I find it interesting how often developers tend to reinvent because of looking at a problem from only one perspective. Today I read a blog post by Sean Gephardt called RSS and syndication Ideas? where he repeats two common misconception about RSS and syndication technologies. He wrote
What if I only want certain folks to has access to my RSS?
I could require the end user to signin to my site, then provide them access to my RSS feeds, but then they would be required to sign in everytime they tried to update thier view.
More specifically, how could a company track people that have subscribed to a particular RSS feed once they are viewing it in an aggregator? Obviously, if someone actually views the page referenced, then web site tracking applies, but some aggregators I've seen simply render the contents of the description, which if it contains a URL to somewhere, and the user clicks that link, the reader gets taken over to that URL, bypassing the orignal.
Since there is no security around RSS and aggregrators, and no way to prompt users for say, a Passport authentication, should RSS be used only for "public" information? Do you make people sign in once they try to access the “deeper” content? Do you keep the RSS content limited to help drive people to the “real“ content?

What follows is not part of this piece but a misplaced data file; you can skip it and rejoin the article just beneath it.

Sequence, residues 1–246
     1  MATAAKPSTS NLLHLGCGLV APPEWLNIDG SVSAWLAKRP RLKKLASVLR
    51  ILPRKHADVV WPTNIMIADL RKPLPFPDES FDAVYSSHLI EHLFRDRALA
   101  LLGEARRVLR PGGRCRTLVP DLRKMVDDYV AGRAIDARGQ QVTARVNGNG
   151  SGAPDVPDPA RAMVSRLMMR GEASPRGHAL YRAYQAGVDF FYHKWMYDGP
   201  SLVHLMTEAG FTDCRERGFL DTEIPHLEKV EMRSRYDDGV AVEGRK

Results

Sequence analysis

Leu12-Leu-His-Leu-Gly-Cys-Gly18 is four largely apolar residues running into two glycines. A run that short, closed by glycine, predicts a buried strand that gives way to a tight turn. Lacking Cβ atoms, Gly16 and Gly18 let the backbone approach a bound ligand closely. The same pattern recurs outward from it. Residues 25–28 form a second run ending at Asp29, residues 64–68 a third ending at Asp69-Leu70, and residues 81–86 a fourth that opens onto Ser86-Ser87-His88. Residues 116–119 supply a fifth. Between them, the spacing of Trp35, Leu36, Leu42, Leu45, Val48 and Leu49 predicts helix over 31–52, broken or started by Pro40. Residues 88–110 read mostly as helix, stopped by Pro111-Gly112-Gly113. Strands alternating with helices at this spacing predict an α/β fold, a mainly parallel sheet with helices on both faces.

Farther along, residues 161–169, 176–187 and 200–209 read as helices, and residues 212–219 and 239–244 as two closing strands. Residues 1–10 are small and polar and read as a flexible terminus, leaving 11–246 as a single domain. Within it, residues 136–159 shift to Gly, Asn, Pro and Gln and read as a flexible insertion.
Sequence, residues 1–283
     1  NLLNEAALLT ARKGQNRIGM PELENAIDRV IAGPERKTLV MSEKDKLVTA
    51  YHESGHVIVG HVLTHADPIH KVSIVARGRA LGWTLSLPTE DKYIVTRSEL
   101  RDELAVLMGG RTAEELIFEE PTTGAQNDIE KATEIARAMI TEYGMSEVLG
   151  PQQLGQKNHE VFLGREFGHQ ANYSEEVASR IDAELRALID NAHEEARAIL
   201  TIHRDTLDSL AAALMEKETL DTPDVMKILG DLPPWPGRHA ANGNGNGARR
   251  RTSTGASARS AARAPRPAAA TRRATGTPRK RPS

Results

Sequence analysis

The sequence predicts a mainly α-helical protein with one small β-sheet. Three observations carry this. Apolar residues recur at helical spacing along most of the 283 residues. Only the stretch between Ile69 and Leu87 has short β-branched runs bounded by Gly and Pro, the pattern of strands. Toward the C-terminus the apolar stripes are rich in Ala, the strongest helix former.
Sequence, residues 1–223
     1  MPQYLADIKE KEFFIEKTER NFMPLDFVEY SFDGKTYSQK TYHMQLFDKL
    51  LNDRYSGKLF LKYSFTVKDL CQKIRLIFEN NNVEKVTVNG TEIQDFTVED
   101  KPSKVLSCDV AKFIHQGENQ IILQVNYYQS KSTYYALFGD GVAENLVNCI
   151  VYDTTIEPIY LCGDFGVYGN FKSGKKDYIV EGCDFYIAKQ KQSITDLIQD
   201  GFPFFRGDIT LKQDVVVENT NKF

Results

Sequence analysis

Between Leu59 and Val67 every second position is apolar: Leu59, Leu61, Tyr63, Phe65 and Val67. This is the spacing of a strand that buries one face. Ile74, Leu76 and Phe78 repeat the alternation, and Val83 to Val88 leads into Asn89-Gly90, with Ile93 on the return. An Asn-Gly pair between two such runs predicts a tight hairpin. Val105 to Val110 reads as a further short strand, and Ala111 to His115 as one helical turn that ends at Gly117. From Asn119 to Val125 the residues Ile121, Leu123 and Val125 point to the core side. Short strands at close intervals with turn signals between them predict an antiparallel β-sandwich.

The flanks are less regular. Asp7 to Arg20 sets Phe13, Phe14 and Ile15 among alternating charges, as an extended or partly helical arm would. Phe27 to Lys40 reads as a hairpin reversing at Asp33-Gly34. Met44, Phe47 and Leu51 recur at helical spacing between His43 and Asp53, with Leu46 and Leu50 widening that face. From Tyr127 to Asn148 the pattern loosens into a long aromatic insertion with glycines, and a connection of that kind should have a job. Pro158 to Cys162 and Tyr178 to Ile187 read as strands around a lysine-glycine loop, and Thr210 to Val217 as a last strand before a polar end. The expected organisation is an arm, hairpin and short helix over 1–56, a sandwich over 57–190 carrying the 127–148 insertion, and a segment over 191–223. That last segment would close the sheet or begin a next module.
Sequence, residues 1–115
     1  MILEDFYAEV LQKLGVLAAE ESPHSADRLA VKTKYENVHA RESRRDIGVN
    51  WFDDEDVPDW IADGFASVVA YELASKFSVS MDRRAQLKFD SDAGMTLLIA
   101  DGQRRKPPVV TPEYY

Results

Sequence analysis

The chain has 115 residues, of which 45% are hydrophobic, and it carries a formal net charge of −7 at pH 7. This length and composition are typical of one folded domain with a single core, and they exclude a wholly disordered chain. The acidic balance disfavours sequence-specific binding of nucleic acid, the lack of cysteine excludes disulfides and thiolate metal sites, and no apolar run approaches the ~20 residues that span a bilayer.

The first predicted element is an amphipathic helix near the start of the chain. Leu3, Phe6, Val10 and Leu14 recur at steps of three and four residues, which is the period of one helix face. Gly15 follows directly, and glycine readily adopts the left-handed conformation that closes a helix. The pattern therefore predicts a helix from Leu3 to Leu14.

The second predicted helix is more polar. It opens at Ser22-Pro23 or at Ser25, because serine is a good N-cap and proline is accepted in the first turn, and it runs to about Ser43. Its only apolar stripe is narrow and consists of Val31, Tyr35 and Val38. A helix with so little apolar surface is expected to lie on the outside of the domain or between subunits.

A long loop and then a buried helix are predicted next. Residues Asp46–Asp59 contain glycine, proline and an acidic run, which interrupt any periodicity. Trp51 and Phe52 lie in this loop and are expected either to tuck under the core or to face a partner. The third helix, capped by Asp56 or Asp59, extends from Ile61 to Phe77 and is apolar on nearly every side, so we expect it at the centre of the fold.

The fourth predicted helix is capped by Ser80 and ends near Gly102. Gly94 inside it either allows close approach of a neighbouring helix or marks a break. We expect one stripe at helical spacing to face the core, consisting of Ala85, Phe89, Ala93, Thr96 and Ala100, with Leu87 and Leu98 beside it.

Am I missing something glaringly obvious?
Considering that fetching an RSS feed is simply fetching an XML document over the Web using HTTP and there are existing technologies for authenticating and encrypting HTTP requests, I'd have to say "Yes, you have missed something glaringly obvious Sean". In fact, not only can you authenticate and encrypt RSS feeds with the same authentication means used by the rest of the World Wide Web, aggregators like RSS Bandit already support this functionality. In fact, here is a list of aggregators that support private RSS feeds.
As for how to how to track readership of content in RSS feeds. A number of tools already support tracking such statistics using web bugs such as dasBlog and .TEXT. One could also utilize alternate approaches if the feeds are private feeds since one could assign a separate URL to each user.
All of this is stuff that already works on today's World Wide Web when interacting with HTML and HTTP. It is interesting that some people think that once you swap out HTML with XML, entire new approaches must be built from the ground up.